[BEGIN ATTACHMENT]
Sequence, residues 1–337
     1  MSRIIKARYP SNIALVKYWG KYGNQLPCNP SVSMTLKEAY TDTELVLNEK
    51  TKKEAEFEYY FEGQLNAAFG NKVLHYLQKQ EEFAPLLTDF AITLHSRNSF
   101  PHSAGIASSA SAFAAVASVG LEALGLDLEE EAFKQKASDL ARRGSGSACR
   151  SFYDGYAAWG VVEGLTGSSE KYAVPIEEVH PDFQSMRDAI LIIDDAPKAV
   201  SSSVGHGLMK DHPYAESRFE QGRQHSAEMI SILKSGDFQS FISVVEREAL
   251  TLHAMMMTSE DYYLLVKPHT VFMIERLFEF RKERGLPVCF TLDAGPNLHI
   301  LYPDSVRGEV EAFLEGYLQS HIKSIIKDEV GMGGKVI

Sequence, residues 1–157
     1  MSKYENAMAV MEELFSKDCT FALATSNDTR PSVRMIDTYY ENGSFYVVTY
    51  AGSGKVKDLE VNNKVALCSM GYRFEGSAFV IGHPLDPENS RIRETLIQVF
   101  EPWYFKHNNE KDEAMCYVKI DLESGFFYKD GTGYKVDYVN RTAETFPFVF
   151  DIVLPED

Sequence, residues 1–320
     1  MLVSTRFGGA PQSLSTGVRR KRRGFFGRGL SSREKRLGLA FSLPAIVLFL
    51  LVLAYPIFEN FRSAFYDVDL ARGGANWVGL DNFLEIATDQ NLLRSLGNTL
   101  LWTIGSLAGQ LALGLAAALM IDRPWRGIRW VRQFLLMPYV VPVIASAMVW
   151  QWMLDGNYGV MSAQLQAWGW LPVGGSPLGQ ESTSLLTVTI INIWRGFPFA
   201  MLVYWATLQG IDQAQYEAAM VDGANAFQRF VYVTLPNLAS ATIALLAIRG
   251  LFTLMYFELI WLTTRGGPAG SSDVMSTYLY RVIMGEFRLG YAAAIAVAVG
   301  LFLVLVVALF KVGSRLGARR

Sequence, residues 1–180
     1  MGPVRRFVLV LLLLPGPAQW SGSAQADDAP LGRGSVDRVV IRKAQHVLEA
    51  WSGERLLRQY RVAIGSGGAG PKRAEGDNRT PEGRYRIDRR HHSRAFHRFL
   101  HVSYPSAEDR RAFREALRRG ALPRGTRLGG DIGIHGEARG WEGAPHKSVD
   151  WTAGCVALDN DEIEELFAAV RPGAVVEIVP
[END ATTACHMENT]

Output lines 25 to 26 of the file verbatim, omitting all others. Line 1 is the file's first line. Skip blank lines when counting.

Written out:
   101  HVSYPSAEDR RAFREALRRG ALPRGTRLGG DIGIHGEARG WEGAPHKSVD
   151  WTAGCVALDN DEIEELFAAV RPGAVVEIVP